[Federal Register: June 16, 2006 (Volume 71, Number 116)]
[Page 34955-34957]
From the Federal Register Online via GPO Access [wais.access.gpo.gov]



Fish and Wildlife Service

Grand Cote National Wildlife Refuge

AGENCY: Fish and Wildlife Service, Interior.

ACTION: Notice of availability of the Draft Comprehensive Conservation 
Plan and Environmental Assessment for Grand Cote National Wildlife 
Refuge in Avoyelles Parish, LA


SUMMARY: The Fish and Wildlife Service announces that a Draft 
Comprehensive Conservation Plan and Environmental Assessment (Draft 
CCP/EA) for Grand Cote National Wildlife Refuge is available for public 
review and comment. This Draft CCP/EA was prepared pursuant to the 
National Wildlife Refuge System Administration Act, as amended, and the 
National Environmental Policy Act. The Draft CCP/EA describes the 
Service's proposal for management of the refuge for 15 years.

DATES: Written comments must be received at the postal or electronic 
addresses listed below no later than July 31, 2006.

ADDRESSES: To provide written comments or to obtain a copy of the Draft 
CCP/EA, please write to Tina Chouinard, National Resource Planner, 
Central Louisiana National Wildlife Refuge Complex, 401 Island Road,

[[Page 34956]]

Marksville, Louisiana 71351; Telephone: 318/253-4238. Comments may also 
be submitted via electronic mail to tina_chouinard@fws.gov. The Draft 
CCP/EA will also be available for viewing and downloading online at 

SUPPLEMENTARY INFORMATION: The National Wildlife Refuge System 
Administration Act of 1966, as amended by the National Wildlife Refuge 
System Improvement Act of 1997 (16 U.S.C. 668dd-668ee), requires the 
Service to develop a plan for each refuge. The purpose in developing a 
comprehensive conservation plan is to provide refuge managers with a 
15-year strategy for achieving refuge purposes and contributing toward 
the mission of the National Wildlife Refuge System, consistent with 
sound principles of fish and wildlife management, conservation, legal 
mandates, and Service policies. In addition to outlining broad 
management direction on conserving wildlife and their habitats, plans 
identify wildlife-dependent recreational opportunities available to the 
public, including opportunities for hunting, fishing, wildlife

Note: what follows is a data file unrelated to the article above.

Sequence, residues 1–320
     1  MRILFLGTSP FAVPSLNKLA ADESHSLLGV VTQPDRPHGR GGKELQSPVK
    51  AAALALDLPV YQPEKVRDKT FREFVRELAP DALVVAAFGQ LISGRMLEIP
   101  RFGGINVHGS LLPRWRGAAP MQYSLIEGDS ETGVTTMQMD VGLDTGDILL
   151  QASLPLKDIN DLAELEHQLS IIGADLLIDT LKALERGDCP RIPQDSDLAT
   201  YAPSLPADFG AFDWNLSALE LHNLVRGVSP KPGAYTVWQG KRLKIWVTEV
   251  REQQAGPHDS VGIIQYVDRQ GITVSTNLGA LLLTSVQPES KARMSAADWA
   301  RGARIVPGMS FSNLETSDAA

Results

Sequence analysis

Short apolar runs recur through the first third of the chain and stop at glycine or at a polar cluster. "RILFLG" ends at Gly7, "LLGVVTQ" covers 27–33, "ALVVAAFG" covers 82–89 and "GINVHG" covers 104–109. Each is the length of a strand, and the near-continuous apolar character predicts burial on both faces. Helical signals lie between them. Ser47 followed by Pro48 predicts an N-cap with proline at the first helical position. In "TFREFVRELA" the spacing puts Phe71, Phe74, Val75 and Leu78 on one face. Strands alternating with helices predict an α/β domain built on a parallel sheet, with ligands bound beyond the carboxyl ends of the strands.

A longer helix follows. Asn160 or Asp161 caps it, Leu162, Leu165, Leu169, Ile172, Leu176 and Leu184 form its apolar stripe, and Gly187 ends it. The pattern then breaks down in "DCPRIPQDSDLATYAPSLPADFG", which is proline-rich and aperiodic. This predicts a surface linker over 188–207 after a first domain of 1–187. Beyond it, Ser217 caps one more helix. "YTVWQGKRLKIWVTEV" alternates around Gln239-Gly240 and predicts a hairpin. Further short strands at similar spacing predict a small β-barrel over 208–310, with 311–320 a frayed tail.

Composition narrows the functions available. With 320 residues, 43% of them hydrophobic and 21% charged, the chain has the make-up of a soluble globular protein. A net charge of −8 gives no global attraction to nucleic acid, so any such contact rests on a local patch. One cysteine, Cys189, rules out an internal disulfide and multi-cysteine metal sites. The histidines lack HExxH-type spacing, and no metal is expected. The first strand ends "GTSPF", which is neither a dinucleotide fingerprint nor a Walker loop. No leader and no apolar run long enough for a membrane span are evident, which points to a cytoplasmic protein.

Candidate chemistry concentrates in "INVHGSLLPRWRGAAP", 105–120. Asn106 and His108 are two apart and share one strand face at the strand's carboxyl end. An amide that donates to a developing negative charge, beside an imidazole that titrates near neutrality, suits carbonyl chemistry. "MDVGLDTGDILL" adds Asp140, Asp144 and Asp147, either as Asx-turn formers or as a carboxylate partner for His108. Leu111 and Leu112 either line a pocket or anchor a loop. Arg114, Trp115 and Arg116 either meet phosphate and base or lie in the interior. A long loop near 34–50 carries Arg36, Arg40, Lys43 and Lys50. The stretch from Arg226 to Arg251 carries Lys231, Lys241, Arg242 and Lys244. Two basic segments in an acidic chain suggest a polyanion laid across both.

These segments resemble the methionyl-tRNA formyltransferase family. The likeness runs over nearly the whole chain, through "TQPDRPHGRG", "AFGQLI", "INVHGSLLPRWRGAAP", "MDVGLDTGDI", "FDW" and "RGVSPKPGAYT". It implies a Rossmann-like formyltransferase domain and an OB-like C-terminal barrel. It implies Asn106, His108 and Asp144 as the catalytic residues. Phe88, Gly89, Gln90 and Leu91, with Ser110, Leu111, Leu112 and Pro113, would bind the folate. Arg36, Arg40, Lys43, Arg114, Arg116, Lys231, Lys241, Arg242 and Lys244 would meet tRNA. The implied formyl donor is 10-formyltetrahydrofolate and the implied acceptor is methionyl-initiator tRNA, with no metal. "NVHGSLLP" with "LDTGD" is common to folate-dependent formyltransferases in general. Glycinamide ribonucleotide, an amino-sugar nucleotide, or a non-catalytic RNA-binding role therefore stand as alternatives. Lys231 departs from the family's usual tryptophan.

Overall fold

observation, wildlife photography, and environmental education and 
    Background: Grand Cote National Wildlife Refuge is in west-central 
Avoyelles Parish, Louisiana, about 5 miles west of the city of 
Marksville and 20 miles southeast of the city of Alexandria. The refuge 
is part of the Central Louisiana National Wildlife Refuge Complex, 
which also includes Lake Ophelia and Cat Island National Wildlife 
Refuges and several fee and easement Farm Service Agency sites. The 
refuge lies within a physiographic region known as the Mississippi 
Alluvial Valley. This valley was at one time a 25-million-acre forested 
wetland complex that extended along both sides of the Mississippi River 
from Illinois to Louisiana. Although the refuge was part of this very 
productive bottomland hardwood ecosystem, most of the forest on and 
around the refuge was cleared in the late 1960s for agricultural 
production. Since this land was cleared, most of what is now the refuge 
had been under intensive rice production, so there is an extensive 
system of man-made levees, irrigation ditches, and water control 
structures. Due to this infrastructure, the refuge is capable of 
providing critical shallow-water habitat for migratory waterfowl and 
    The refuge was established in 1989 to provide wintering habitat for 
mallards, pintails, blue-winged teal, and wood ducks and production 
habitat for wood ducks to meet the goals of the North American 
Waterfowl Management Plan. The refuge is also being managed to provide 
habitat for threatened and endangered species, a natural diversity of 
plants and animals, and opportunities for compatible wildlife-dependent 
    Significant issues addressed in the draft comprehensive 
conservation plan and environmental assessment include: waterfowl 
management, agriculture, cooperative farming, land acquisition, forest 
fragmentation, visitor services, cultural resources, and refuge access. 
The Service developed three alternatives for management of the refuge 
and chose Alternative 2 as the Service's proposed alternative.
    Alternative 1 represents no change from current management of the 
refuge. Under this alternative, 6,075 acres would be protected, 
maintained, restored, and enhanced for resident wildlife, waterfowl,